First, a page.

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Suppose an infinitely long hollow cylinder of radius $R$ with surface charge density $\sigma$ oriented in the $\mathbf{\hat z}$ direction is spinning with angular velocity $\omega(t)$. The speed changes only very slowly, so in this problem, we ignore displacement current. Therefore, we may approximate the magnetic field on the inside as $$\mathbf B(t)=\mu_0 R\sigma\omega(t)\mathbf{\hat z}.$$ But what is the electric field $\mathbf E$ on the inside of the cylinder? Symmetry tells us that $\mathbf E$ on the inside of the cylinder must have no $\mathbf{\hat z}$ component, and must be invariant with respect the angular direction $\phi$. This problem becomes very easy to solve (using the integral form of Faraday's law) if $\mathbf E$ is entirely in the $\mathbf{\hat\phi}$ direction. But I don't see why it should be. And if it is not, I do not know what to do to find $\mathbf E$.

Is there a justification for why $\mathbf E$ should be in the $\mathbf{\hat\phi}$ direction?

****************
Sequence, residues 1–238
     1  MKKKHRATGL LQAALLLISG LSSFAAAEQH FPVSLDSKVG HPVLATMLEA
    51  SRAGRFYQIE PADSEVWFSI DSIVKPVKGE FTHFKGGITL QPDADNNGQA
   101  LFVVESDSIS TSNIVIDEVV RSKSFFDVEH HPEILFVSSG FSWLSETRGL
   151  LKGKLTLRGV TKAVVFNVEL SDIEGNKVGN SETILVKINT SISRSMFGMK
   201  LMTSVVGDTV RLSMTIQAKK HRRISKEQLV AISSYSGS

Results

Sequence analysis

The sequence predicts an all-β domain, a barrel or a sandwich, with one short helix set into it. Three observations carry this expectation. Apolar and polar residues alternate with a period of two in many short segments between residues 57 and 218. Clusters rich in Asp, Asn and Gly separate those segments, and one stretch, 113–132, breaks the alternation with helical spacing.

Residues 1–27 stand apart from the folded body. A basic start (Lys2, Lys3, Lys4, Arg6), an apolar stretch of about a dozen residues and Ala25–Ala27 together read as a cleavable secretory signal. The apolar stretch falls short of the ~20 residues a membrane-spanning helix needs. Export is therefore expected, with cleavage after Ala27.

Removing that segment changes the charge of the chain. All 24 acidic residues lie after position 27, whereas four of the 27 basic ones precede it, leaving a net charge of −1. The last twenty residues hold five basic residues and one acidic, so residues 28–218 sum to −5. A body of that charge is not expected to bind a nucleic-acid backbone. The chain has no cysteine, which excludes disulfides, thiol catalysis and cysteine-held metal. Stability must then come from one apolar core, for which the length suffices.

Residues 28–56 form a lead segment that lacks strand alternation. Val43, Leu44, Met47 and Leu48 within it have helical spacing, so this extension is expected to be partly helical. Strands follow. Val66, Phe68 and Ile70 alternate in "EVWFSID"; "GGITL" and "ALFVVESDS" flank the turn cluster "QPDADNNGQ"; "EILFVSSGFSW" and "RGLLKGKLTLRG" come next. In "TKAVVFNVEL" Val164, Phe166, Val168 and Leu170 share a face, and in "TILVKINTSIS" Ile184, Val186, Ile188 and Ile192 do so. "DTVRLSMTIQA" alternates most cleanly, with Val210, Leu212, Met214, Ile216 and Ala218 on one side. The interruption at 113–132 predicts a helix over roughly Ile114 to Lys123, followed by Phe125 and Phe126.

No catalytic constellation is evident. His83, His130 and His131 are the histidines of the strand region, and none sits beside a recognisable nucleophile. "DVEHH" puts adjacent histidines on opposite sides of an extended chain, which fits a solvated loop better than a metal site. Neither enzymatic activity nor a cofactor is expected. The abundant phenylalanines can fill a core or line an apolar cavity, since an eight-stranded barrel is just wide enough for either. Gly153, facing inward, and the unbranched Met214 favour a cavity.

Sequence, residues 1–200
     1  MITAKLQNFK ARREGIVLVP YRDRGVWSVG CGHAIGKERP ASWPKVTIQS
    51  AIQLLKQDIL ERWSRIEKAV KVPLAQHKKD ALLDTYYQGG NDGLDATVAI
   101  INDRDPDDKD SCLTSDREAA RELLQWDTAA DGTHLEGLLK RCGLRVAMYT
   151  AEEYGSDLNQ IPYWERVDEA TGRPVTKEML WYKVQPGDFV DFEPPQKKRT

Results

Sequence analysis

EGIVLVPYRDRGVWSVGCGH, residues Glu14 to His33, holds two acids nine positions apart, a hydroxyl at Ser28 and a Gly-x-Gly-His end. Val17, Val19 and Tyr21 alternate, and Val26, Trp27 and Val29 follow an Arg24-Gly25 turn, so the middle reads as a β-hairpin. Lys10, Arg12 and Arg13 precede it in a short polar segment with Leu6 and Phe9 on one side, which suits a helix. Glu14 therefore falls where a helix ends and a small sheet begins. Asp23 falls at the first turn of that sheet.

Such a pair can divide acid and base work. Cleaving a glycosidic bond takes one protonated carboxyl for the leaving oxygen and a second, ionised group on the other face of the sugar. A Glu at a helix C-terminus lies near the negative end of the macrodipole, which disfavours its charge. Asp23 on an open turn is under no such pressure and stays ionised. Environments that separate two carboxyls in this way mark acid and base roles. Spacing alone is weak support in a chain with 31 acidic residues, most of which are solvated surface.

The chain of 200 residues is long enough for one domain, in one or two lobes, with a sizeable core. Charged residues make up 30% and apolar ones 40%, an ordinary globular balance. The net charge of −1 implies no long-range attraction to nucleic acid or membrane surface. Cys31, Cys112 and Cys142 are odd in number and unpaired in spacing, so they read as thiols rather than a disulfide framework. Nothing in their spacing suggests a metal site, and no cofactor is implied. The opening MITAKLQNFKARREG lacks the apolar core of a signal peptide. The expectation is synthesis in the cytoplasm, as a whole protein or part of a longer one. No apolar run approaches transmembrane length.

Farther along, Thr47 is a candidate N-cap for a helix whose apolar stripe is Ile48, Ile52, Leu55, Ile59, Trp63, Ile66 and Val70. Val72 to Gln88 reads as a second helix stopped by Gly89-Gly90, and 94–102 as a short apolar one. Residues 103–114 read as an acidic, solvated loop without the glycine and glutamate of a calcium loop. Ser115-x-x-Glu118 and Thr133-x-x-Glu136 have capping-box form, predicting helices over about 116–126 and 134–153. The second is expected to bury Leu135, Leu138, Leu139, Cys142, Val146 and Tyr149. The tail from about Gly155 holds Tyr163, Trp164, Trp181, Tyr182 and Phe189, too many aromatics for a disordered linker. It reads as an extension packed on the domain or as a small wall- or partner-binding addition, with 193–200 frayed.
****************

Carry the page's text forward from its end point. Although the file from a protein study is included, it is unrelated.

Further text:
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The justification is of course lenz's law. The $\hat\phi$ of the electric field is because it will push the charges in such a direction that will counter the changing flux produced by the changing angular velocity $\omega(t)$. If the angular velocity increases with time, it leads to increase in flux through any loop considered inside the cylinder (outside too). So the induced electric field will tend to reduce the increasing flux by pushing charges such that they reduce the apparent current thereby reducing the flux. For this purpose, induced $\bar E$ HAS to be circumferential. Any other direction will not cancel the changing flux.

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